The second category is the journey of deep intimacy in which we will be challenged to accept ourselves and the other person for all that we are with our defenses, fears, and insecurities. Learning to deal with our frustrations, disappointments, conflicts, and misunderstandings that will surely arise.
This level is basically about true vulnerability and transparency.
To take this journey, there are three important pre-requisites and conscious choices:
- We choose relating as a path for deep inner growth. This requires a willingness to look at ourselves deeply in the mirror of the other person and use the preciousness of the connection for inner transformation.
- We have the willingness to look at our disturbances, feel what is triggered inside us and go deeper to embrace and feel the wounds that are exposed.
- We enter with a deep commitment not to retreat into our routine and automatic defensive patterns but take responsibility for our triggers; feel, accept, and expose the wounds they provoke and learn ways to resolve conflicts.
The reason that we have such a passion to teach people how take the journey of committed intimacy is that it not only offers the kind of love that we all consciously or unconsciously long for, but it also offers an amazing opportunity to get to know ourselves behind our masks, compensations, and roles.
It is a very interesting journey that keeps unfolding as we go deeper.
We say this from our own personal experience as well as having worked with countless couples and individuals grappling with the challenges of enjoying a beautiful love connection.
It’s important to understand that inner work and personal exploration normally doesn’t come up when we relate more superficially. But once we commit to the deeper journey of relating, it becomes an amazing way to grow and mature.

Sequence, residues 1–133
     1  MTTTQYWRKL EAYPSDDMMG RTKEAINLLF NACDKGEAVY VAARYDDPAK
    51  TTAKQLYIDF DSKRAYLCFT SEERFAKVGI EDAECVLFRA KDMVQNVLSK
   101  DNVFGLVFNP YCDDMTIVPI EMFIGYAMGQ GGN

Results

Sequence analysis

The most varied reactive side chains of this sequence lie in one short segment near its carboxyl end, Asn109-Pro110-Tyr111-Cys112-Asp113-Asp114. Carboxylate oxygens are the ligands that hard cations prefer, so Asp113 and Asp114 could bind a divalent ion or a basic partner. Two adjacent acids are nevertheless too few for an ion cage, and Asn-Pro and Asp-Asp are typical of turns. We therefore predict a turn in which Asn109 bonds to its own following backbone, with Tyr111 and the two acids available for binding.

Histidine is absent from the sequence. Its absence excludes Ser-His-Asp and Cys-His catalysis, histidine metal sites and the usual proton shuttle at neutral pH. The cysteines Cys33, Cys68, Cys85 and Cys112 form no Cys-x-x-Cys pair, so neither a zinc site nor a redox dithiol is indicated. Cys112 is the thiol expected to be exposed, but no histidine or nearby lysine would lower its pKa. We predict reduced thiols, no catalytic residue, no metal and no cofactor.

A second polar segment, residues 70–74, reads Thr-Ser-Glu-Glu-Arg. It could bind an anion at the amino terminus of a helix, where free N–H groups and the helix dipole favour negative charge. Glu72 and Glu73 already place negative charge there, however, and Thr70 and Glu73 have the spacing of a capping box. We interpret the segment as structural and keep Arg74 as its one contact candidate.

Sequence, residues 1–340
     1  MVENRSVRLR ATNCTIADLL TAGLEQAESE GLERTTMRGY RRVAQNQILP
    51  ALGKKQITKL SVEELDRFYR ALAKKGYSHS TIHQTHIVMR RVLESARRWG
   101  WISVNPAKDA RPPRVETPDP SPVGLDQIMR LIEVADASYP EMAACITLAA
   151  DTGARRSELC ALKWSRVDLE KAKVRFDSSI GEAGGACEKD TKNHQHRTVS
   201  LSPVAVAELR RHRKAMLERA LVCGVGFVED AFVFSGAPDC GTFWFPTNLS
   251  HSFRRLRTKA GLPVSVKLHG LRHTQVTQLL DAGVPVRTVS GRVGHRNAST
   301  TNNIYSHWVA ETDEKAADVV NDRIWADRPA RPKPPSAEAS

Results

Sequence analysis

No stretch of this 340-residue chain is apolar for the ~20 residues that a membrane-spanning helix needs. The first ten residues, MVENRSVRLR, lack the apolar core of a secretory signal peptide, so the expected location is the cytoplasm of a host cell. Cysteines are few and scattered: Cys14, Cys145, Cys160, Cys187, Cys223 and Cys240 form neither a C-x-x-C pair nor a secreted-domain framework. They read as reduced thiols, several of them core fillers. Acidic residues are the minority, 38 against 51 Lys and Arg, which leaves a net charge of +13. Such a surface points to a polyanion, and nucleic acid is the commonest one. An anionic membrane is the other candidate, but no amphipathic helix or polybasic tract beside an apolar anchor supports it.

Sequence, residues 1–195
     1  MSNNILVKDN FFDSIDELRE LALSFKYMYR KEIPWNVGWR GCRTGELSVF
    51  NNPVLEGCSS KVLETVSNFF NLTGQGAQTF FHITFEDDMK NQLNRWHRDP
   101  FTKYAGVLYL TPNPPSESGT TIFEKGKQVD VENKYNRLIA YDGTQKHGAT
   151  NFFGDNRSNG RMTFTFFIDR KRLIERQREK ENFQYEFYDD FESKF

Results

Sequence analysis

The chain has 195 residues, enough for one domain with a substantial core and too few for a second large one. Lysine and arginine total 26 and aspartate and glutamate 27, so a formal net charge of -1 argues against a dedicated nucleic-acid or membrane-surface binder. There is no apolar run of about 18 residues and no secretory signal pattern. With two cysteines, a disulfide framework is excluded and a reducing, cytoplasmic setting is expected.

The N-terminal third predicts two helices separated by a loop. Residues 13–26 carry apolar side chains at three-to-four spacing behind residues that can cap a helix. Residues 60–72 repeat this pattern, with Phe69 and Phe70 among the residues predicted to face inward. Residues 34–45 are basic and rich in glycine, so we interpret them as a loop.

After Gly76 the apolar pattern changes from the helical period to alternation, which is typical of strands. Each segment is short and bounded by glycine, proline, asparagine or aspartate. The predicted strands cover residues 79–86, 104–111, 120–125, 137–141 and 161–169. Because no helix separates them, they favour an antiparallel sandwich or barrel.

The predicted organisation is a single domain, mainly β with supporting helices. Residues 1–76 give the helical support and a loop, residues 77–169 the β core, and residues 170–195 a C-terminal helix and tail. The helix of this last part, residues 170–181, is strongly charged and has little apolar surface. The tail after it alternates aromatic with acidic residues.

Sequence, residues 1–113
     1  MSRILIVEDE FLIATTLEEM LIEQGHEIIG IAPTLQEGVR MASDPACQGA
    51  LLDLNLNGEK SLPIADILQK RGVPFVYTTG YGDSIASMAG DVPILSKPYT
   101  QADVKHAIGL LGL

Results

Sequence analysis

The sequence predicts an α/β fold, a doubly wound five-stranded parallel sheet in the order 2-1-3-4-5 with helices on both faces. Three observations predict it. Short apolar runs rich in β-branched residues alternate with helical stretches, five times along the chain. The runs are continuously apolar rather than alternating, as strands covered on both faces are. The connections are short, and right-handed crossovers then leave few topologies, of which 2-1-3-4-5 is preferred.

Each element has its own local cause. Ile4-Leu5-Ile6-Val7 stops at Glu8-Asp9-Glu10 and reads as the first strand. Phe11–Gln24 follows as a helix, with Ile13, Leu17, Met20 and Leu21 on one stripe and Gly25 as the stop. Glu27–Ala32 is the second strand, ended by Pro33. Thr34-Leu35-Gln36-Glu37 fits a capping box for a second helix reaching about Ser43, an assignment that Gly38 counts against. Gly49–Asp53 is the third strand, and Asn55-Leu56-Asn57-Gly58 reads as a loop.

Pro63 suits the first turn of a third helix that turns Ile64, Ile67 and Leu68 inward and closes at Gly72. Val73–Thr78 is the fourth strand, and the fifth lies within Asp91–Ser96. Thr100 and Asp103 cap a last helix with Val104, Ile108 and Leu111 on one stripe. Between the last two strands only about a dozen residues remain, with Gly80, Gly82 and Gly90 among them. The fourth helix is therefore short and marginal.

Many people who come to work with us are discouraged because in spite of having done so much work on themselves, they still feel that this part of their lives is not working.
When we’re missing the understanding, inner depth, and tools to create a beautiful conscious love connection, we set ourselves up for all kinds of dysfunctional attitudes and behavior and sabotage the love we would like to create and sustain.
We may be unable to resolve conflicts but instead continue to distract ourselves; minimize, complain, blame, attack, shut down, pull away, or escape to find another partner.
We may go into resignation and give up on relating altogether, often living in a sort of deadness together or alone. We may not be aware of our childhood wounds and how they influence our relating today.
But when we align ourselves with what it takes to make the love journey work, everything changes.
Here are some of the highlights of what it takes to be able to enjoy intimacy:
- Learning about our patterns more deeply and how they show themselves in our relating.
- Learning to accept and love each other with our differences.
- Finding contentment in our aloneness and in the process learning to accept disappointments and frustrations as our expectations are not met.
- Learning how to interpret and understand our five basic feelings – joy, sadness, anger, shame, and fear.
- Learning how to stand up for ourselves and respect our boundaries in a vulnerable way.
- Discovering inner space to observe our and the other person’s triggers with distance and compassion
- Connecting with and developing confidence in our essential nature and qualities.